No. Even if Bird were open to moving the former Georgetown product, and he's said nothing of the sort yet, Indiana is stuck with Hibbert's contract for at least another year. 

With a player option for the 2015-16 season at $15.5 million, Hibbert will either have succeeded in playing up to the value of his contract (and, by extension, improved the Pacers' playoffs result), or the season goes so horribly awry that he won't want to come back. (That's a lie; there's a third potential reality where both he and the team stink, but he sticks around for the money anyway.)

Who are you going to replace him with, anyhow? Aside from Hibbert, Lopez was the only other player to be top five in both opponents' field-goal attempts and percentage at the rim during the regular season.

Larry Sanders might be the only quality tradable big man whose team would see Hibbert as an upgrade. On paper a swap for Al Horford could make sense with adequate tinkering. Until you remember that less than a month ago, the Atlanta Hawks added fuel to Hibbert's media tire fire, rendering his skill-set ineffective.

It sucks to say that the only reason to keep a player is that a team can't find a better option.

As disastrous and confounding as the last three months of the season were for the big man, it might ease the pain to widen the scope. Hibbert still finished the season with the second-lowest opponents' field-goal percentage at the rim, sixth in the playoffs per NBA.com. A performance worthy of second- team All-Defense.

Going a little wider, it's amazing how quickly people forget his 2013 Eastern Conference Finals performance—in the first of a major five-year deal no less.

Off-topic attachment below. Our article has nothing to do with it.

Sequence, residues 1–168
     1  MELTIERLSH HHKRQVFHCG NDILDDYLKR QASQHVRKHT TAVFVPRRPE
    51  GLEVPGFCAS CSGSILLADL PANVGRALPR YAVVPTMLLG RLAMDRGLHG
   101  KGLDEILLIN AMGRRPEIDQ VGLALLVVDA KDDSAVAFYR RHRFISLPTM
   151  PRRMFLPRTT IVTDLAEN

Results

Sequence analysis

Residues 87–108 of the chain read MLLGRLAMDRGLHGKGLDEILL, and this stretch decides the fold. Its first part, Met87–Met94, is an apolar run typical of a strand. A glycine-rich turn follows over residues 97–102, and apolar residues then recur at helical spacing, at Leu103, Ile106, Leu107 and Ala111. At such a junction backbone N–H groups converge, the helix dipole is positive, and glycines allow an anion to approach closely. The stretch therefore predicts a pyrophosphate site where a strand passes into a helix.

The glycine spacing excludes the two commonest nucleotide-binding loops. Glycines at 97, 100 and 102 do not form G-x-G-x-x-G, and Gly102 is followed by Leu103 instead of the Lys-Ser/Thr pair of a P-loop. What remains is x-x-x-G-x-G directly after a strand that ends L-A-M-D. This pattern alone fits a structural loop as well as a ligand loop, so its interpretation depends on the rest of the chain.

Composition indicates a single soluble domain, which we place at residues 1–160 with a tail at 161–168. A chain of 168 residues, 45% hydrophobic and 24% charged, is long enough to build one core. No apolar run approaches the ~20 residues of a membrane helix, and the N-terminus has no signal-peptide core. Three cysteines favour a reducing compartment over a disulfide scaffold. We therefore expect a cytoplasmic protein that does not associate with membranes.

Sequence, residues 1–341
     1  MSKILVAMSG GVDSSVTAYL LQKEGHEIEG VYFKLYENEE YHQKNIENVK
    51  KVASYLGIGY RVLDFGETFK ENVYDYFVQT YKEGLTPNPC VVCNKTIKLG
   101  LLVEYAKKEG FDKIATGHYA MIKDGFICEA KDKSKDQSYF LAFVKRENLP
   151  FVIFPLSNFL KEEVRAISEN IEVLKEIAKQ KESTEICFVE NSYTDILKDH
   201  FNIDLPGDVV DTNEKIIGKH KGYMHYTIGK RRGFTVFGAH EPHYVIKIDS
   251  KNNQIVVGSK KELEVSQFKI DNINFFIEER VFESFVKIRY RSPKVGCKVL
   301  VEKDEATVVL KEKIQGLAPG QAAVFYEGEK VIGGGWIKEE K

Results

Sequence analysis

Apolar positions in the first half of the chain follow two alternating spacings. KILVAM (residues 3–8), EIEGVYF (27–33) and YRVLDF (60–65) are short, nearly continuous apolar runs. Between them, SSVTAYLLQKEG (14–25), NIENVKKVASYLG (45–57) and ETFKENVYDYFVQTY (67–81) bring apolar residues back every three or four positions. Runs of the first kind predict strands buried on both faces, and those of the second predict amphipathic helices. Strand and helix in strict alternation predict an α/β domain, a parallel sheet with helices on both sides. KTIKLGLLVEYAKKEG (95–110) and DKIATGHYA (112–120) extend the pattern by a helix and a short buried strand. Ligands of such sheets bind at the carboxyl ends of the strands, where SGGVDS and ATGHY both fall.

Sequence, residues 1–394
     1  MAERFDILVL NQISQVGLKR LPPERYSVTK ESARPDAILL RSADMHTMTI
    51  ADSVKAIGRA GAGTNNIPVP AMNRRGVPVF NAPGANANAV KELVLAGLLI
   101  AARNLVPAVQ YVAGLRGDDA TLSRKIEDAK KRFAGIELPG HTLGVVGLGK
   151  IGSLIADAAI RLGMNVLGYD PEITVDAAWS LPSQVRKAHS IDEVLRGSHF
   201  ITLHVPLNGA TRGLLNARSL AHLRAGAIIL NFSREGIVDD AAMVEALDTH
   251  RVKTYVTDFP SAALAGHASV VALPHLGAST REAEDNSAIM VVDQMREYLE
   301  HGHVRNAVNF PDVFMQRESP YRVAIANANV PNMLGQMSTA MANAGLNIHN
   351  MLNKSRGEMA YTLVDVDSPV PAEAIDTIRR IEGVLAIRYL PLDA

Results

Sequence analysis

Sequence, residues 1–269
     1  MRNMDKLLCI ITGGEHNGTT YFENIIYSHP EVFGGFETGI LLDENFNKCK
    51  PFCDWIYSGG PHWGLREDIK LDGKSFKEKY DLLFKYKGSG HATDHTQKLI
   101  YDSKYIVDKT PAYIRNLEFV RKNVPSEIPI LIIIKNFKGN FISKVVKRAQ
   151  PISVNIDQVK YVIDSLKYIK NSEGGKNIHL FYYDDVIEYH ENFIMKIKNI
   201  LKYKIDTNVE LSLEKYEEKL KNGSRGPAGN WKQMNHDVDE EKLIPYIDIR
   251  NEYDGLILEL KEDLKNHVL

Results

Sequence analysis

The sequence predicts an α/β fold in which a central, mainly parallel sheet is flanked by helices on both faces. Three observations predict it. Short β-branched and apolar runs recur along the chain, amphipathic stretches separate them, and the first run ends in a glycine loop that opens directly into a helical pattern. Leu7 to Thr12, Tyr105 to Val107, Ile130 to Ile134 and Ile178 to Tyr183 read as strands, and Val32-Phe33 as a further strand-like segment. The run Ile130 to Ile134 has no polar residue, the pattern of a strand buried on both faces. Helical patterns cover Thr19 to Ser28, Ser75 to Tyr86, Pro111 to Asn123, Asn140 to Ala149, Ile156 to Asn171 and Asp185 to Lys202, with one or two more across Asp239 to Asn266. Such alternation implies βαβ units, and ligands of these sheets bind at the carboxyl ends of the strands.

The position which Indiana really needs to improve is point guard.

George Hill will not bring you a championship trophy as the main ball-handler. Though Kawhi Leonard plays a different position, a little bit of the Pacers' soul must crumble a little every time Twitter mentions the Leonard-for-Hill draft-night fleecing.

As with Hibbert, the Pacers would probably have to take back less than they'd like to get for Hill. But making an even $8 million per year, for four years, his contract will be more attractive than Hibbert's. To put his price into context, Steve Nash, Jeremy Lin and Jameer Nelson will make as much or more next season. 

Players of his caliber get traded all the time.

Which player would you like to see leave Indiana this summer?

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His skill set just doesn't line up with the type of system George and Stephenson need in order to thrive.

A hometown guy he may be, but Hill's aggressiveness too often comes in unfulfilling spurts, and he lacks the vision to be the offensive catalyst. He said as much after a game in February 2013. “I'm reluctant to play the one. I'm happy with it," Mark Montieth reported him saying. "I 'm learning, but there's still some two in my body.”

It's still there. Hill is a shooter. He can be effective running next to someone who can actually penetrate and get things under control when Indiana wants him to be that guy.

Bird should work a trade for Hill and make the necessary moves to open up cap space for Stephenson. It's possible the antics have knocked his value down from the reported $10 million he wants.

Per Lowe's calculations, Indiana has $7 million to $8 million worth of wiggle room under the luxury-tax line but can get create some room by using the stretch provision on Chris Copeland and buying out Luis Scola. He notes that it also creates roster holes that would have to be filled on the cheap.

Lance wants Larry and Larry wants Lance:

Hibbert deserves the opportunity to clear his mind on some good fishing this summer, work with one of the legends, as Bird has suggested, and prove that he can be an elite two-way big again.

Pardon the awful pun, but this time the grass isn't greener any other way.

 

All salary information taken from Spotrac.com.